FWIW, I used to carry a few different low bounce 60, and the Vokey 60M at one point, and really haven't noticed that with the 58D that I can't do anything I could with the 60s, just that the 58 is a bit less prone to terrible shots.

I gotta be honest, I just replaced all my wedges with the new Cleveland RTX that only come in high/mid/low bounce and it was both much easier to pick a wedge and they've performed much better than Vokeys I've had in the past.
They seem well regarded still despite Cleveland's brand kind of fading into second tier status. I think they're actually what the Srixon tour players are using since Srixon doesn't seem to have wedges in its lineup.

All of the EOM seem to make good wedges though. Honestly, the secret sauce for me was realizing I needed slightly longer wedges (I have my 50-58 degree clubs all the same loft and lie angle). I'm 6'2" and standard length wedge lengths are just too short for me even if I play standard length irons.
 

Zomp

Dope
Dope
Aug 28, 2006
13,403
The Slums of Shaolin
I love my MG3 TW grind 56 and 60 wedges. I got them in the off season and there was a learning curve but my short game around the greens has always been a strength and it’s nice to be able to be aggressive with the wedges and have the confidence that I know what they’ll do to the ball.

I’ve said it many times in threads like this but all manufacturers make good to great products. It’s really just a matter of preference once you figure out the style of club for your game
 

FL4WL3SS

my name sucks
SoSH Member
Jul 31, 2006
13,010
Andy Brickley's potty mouth
I also love my ZX7’s. You came from Miuras right?
I did. My 8i shaft broke taking a swing on the range a month+ ago and when I got fitted for the Miuras the Srixons were a close second so figured I'd give them a go this time and didn't bother getting fitted again since I love the Project X shafts.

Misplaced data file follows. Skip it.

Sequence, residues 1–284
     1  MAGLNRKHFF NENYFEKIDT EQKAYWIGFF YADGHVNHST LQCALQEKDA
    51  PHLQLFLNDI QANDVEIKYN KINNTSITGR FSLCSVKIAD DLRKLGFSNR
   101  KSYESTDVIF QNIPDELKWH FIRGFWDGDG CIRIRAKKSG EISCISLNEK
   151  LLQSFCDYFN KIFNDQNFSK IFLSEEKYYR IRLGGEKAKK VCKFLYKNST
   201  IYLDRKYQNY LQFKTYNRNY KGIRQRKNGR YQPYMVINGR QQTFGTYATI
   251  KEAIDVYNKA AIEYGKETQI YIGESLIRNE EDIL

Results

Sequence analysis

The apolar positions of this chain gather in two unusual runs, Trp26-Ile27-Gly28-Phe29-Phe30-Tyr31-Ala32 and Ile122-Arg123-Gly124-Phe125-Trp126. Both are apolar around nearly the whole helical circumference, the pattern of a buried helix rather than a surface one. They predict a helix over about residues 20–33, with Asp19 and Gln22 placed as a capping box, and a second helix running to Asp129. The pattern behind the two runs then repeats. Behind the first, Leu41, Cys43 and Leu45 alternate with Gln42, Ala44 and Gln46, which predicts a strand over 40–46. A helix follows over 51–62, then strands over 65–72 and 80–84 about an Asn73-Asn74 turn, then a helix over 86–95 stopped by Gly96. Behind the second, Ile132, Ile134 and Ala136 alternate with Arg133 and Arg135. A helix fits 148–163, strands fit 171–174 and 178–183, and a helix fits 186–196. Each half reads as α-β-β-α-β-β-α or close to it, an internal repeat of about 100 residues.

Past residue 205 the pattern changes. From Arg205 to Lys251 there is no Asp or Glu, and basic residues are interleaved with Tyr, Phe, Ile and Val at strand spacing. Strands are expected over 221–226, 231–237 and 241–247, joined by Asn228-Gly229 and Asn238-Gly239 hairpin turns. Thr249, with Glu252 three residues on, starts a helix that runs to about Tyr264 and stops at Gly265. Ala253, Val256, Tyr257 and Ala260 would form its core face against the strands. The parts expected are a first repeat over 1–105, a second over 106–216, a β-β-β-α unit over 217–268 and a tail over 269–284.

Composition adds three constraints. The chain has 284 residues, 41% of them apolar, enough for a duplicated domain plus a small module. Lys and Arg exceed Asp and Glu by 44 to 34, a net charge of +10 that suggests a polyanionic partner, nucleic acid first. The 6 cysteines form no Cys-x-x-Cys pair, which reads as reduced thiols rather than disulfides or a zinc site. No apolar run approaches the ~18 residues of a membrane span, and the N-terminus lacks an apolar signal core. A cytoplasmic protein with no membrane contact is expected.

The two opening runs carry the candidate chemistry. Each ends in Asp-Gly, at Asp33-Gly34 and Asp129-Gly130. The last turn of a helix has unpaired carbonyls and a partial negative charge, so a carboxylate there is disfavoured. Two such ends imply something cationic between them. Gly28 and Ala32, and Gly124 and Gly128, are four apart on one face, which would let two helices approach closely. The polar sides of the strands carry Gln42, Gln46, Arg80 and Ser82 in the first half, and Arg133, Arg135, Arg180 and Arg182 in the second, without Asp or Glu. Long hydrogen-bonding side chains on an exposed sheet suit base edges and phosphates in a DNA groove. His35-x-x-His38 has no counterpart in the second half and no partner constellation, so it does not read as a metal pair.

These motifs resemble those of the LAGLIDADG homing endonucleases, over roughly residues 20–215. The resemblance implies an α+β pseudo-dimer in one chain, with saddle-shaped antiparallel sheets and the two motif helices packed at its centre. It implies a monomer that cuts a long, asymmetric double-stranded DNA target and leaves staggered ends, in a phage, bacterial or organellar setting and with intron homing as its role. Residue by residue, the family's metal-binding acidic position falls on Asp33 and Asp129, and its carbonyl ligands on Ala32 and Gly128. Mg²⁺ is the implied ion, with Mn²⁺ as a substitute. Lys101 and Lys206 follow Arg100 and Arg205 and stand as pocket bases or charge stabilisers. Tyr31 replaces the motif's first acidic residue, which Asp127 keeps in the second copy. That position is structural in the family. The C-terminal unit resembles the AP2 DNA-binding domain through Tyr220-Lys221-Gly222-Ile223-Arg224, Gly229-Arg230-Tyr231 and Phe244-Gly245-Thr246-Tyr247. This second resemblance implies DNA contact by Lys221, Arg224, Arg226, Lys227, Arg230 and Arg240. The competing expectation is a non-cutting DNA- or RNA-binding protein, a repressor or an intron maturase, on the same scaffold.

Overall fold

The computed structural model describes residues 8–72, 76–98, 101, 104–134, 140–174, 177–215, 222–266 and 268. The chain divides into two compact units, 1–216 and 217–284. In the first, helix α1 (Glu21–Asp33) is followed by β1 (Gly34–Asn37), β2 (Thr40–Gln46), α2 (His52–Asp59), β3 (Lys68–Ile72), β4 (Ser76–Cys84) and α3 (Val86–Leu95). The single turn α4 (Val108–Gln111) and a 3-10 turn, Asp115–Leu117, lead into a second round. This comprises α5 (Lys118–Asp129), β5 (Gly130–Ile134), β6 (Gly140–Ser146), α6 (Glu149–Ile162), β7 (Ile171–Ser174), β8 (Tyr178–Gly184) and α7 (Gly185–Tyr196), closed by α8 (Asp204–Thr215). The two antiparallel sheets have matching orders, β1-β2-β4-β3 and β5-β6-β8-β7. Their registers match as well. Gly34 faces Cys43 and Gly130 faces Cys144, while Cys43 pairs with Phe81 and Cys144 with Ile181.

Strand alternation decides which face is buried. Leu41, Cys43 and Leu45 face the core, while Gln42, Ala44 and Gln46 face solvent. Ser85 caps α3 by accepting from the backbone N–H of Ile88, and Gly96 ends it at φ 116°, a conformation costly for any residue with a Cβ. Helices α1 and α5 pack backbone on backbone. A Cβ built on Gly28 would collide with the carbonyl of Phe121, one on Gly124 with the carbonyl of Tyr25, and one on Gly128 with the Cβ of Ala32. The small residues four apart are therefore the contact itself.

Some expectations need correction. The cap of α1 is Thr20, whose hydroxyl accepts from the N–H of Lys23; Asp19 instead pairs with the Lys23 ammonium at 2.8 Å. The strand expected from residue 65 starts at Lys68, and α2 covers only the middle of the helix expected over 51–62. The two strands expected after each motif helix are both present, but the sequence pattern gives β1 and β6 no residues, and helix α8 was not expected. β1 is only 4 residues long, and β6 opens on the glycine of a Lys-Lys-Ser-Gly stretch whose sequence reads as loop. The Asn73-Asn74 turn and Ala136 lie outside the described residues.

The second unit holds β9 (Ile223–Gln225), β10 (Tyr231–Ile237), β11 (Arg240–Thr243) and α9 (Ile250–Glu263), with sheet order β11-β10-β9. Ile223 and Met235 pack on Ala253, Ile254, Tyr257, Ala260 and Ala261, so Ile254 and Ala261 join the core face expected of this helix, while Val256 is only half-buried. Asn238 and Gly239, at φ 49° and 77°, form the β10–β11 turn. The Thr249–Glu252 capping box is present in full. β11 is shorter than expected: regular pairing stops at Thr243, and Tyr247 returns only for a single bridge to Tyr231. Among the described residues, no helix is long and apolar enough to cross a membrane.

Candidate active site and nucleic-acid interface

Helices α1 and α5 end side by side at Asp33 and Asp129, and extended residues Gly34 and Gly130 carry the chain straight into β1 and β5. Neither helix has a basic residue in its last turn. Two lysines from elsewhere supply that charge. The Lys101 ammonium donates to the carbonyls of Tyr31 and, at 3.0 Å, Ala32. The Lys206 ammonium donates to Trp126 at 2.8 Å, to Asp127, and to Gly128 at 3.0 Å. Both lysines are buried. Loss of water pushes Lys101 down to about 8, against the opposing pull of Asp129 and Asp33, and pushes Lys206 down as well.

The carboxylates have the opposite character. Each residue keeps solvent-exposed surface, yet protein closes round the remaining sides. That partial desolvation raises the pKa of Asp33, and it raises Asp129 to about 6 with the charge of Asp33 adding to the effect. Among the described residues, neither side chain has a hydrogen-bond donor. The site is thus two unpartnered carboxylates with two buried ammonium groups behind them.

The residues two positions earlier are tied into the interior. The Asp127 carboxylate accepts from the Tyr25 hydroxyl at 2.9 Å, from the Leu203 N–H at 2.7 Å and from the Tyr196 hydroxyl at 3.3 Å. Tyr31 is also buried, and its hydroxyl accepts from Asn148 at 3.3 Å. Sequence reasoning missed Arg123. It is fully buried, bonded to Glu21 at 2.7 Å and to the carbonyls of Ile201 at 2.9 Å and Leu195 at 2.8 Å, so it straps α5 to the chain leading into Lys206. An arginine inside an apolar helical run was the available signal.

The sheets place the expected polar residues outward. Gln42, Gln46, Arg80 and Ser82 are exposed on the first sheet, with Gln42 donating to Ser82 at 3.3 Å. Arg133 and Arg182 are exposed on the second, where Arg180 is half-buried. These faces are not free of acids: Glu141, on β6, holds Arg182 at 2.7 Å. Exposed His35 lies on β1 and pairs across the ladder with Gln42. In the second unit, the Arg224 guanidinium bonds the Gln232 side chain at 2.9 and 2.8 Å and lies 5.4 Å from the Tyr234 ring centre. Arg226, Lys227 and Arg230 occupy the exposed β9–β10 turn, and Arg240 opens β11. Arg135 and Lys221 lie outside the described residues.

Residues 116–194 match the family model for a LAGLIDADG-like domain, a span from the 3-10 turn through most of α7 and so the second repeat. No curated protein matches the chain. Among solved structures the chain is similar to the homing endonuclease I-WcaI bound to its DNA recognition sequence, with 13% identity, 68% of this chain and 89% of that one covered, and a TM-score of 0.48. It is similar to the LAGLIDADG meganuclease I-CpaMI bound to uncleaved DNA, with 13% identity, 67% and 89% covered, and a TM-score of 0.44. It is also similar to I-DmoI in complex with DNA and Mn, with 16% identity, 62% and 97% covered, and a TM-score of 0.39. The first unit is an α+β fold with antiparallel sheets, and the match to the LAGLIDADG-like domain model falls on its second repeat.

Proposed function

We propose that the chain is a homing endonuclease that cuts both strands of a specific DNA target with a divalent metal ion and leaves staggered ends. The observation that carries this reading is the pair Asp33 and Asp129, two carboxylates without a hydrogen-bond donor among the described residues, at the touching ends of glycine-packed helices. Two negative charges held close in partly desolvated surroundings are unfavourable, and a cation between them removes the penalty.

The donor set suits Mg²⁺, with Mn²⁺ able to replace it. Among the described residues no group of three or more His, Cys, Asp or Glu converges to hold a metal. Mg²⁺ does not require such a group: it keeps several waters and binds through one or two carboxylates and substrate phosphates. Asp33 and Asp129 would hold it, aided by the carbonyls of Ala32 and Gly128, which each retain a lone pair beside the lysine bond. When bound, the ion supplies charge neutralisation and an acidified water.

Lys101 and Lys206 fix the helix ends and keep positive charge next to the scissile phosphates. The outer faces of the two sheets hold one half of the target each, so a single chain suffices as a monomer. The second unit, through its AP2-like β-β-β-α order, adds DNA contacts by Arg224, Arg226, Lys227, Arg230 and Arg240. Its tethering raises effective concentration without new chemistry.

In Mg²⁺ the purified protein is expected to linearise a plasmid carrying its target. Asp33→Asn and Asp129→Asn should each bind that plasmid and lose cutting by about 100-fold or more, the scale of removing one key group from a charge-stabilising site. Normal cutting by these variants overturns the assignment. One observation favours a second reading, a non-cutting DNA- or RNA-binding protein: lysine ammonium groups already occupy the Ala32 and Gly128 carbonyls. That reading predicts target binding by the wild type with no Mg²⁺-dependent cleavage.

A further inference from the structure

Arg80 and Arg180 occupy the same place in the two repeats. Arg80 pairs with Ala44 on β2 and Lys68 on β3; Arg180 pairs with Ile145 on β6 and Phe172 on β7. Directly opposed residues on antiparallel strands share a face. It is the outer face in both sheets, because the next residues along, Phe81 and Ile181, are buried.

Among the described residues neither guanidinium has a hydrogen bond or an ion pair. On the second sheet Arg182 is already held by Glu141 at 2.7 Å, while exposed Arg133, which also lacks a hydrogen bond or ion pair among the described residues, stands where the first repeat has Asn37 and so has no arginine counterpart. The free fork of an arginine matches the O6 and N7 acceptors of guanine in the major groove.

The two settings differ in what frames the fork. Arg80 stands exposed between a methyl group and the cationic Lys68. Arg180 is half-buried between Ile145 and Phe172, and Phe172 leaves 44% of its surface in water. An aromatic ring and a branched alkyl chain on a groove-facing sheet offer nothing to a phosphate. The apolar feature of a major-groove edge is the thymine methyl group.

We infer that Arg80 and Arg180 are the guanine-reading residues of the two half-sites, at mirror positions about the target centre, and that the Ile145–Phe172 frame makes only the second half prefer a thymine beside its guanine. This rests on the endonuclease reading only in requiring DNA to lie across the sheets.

Weren't you playing Sub 70 clubs?
 

FL4WL3SS

my name sucks
SoSH Member
Jul 31, 2006
13,010
Andy Brickley's potty mouth
I've been playing a 2 wedge bag for several years: Vokey 54F and 58D. I basically default to the 54 unless there's a reason I need the 58. It makes it easy to choose a club for me. Both are on the higher bounce side of the spectrum.

I recall in the 00's lots of players were throwing low bounce wedges in their bags because of the tour trends at the time but they're prone to digging, especially into softer turf. Maybe in Texas you want that 60 degree wedge with 4 degrees of bounce but it might not be a great idea in New England.

FWIW, I used to carry a few different low bounce 60, and the Vokey 60M at one point, and really haven't noticed that with the 58D that I can't do anything I could with the 60s, just that the 58 is a bit less prone to terrible shots.



They seem well regarded still despite Cleveland's brand kind of fading into second tier status. I think they're actually what the Srixon tour players are using since Srixon doesn't seem to have wedges in its lineup.

All of the EOM seem to make good wedges though. Honestly, the secret sauce for me was realizing I needed slightly longer wedges (I have my 50-58 degree clubs all the same loft and lie angle). I'm 6'2" and standard length wedge lengths are just too short for me even if I play standard length irons.
I was playing Bettinardi wedges before buying the Cleveland wedges. I loved those, but honestly, the price difference isn't worth it. You can only do so much with wedge technology and find similar performance with the Cleveland's (I actually probably like them a bit better).

For whatever reason, I don't really like the Vokeys and I've always been a Titleist fanboy. They just don't look and feel right to me.
 

Zomp

Dope
Dope
Aug 28, 2006
13,403
The Slums of Shaolin
I did. My 8i shaft broke taking a swing on the range a month+ ago and when I got fitted for the Miuras the Srixons were a close second so figured I'd give them a go this time and didn't bother getting fitted again since I love the Project X shafts.

Weren't you playing Sub 70 clubs?
Yep. Only clubs I’ve had that didn’t last a season in my bag. But it was more on me, not them. I got the 699 pro irons which is in that players distance category. Hollow bodied injected with foam to increase ball speed.

I knew the spin numbers would be decreased but they performed to inconsistent for me and took away all the confidence I had in my ball striking.

For example say I had 175 yds to a pin and pulled 7 iron. There were some times I hit it good and high on the face, and the ball would knuckle off the club face and I’d end up 20 yards long of the green. So every time I stepped up to the ball I’d try to punch shots into greens because on the off chance I hit one really pure I’d be dead over.

The company is great and if I could do it again I’d try their more traditional style cavity backs. But once I made the decision to change I hit the ZX7’s and fell in love with them. Luckily I was standard length lie and loft so I went to wrx and found a used set for $850. Half of the clubs had the wrappers on them.